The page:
Moving to embrace technology already being utilized by police departments, U.S. Immigration and Customs Enforcement (ICE) is set to begin tracking license plates nationwide.
ICE has reportedly finalized a contract to gain access to a national license plate recognition database which it hopes will give it the ability to better track the movement of criminal illegal immigrants who can be apprehended and deported.
The contract is reported to be with Vigilant Solutions which provides state of the art analytic tools to law enforcement agencies and has accumulated a collection of license plates for over 2 billion vehicles.
— The Verge (@verge) January 26, 2018
ICE agents would be able to query that database in two ways. A historical search would turn up every place a given license plate has been spotted in the last five years, a detailed record of the target’s movements. That data could be used to find a given subject’s residence or even identify associates if a given car is regularly spotted in a specific parking lot.
“Knowing the previous locations of a vehicle can help determine the whereabouts of subjects of criminal investigations or priority aliens to facilitate their interdiction and removal,” an official privacy assessment explains. “In some cases, when other leads have gone cold, the availability of commercial LPR data may be the only viable way to find a subject.”
ICE agents can also receive instantaneous email alerts whenever a new record of a particular plate is found — a system known internally as a “hot list.” (The same alerts can also be funneled to the Vigilant’s iOS app.) According to the privacy assessment, as many as 2,500 license plates could be uploaded to the hot list in a single batch, although the assessment does not detail how often new batches can be added. With sightings flooding in from police dashcams and stationary readers on bridges and toll booths, it would be hard for anyone on the list to stay unnoticed for long.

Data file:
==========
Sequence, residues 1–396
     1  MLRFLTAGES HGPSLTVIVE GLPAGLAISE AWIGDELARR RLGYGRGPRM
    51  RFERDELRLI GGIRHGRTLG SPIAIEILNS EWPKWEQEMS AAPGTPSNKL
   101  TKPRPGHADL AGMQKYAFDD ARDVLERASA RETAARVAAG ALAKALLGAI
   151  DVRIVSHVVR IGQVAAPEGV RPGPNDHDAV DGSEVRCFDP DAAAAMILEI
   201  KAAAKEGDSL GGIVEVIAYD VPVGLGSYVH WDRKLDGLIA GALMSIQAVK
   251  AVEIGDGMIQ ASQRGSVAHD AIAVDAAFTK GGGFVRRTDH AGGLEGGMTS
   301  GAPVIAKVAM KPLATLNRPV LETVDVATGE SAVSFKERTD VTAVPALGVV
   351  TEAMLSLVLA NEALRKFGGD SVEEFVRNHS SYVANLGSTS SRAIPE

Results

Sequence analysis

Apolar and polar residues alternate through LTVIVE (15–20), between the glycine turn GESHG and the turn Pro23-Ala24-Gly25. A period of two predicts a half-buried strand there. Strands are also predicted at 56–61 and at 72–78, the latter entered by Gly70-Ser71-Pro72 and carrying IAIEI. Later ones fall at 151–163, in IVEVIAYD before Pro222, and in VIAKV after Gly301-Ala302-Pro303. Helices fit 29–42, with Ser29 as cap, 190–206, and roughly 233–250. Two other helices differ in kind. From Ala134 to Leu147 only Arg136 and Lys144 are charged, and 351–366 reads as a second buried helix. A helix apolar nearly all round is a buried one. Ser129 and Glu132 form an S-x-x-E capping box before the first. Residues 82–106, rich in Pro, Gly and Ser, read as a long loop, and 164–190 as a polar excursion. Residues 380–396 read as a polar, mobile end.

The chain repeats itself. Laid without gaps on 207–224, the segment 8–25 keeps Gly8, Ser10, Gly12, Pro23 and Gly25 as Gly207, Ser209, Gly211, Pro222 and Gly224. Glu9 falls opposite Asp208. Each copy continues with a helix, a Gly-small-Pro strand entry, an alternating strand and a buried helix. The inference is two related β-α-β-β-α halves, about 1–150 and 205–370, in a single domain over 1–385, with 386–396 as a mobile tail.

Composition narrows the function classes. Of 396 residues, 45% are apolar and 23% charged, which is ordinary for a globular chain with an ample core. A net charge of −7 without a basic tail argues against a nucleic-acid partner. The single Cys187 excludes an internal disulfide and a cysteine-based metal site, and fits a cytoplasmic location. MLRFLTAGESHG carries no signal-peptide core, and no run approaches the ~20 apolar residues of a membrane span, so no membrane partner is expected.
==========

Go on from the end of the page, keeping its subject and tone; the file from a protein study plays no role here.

The new license plate reader contract comes after years of internal lobbying by the agency. ICE first tested Vigilant’s system in 2012, gauging how effective it was at locating undocumented immigrants. Two years later, the agency issued an open solicitation for the technology, sparking an outcry from civil liberties group. Homeland Security secretary Jeh Johnson canceled the solicitation shortly afterward, citing privacy concerns, although two field offices subsequently formed rogue contracts with Vigilant in apparent violation of Johnson’s policy. In 2015, Homeland Security issued another call for bids, although an ICE representative said no contract resulted from that solicitation.
As a result, this new contract is the first agency-wide contract ICE has completed with the company, a fact that is reflected in accompanying documents. On December 27th, 2017, Homeland Security issued an updated privacy assessment of license plate reader technology, a move it explained was necessary because “ICE has now entered into a contract with a vendor.”
This news will all but certainly result in ear-piercing howls of protest from the left and especially organizations that are heavily invested in waging a guerrilla war against the no-nonsense policies of the Trump administration on the enforcement of immigration laws.
There are privacy concerns but law enforcement agencies outside of ICE have been utilizing these technologies for years.
Let’s face it; we are in an entirely new world now where technological advances are so rapid that they have exceeded the ability of lawmakers and the courts to find an appropriate balance between security and privacy and quite frankly, there has not been much public interest to engage in any sort of a reasonable debate.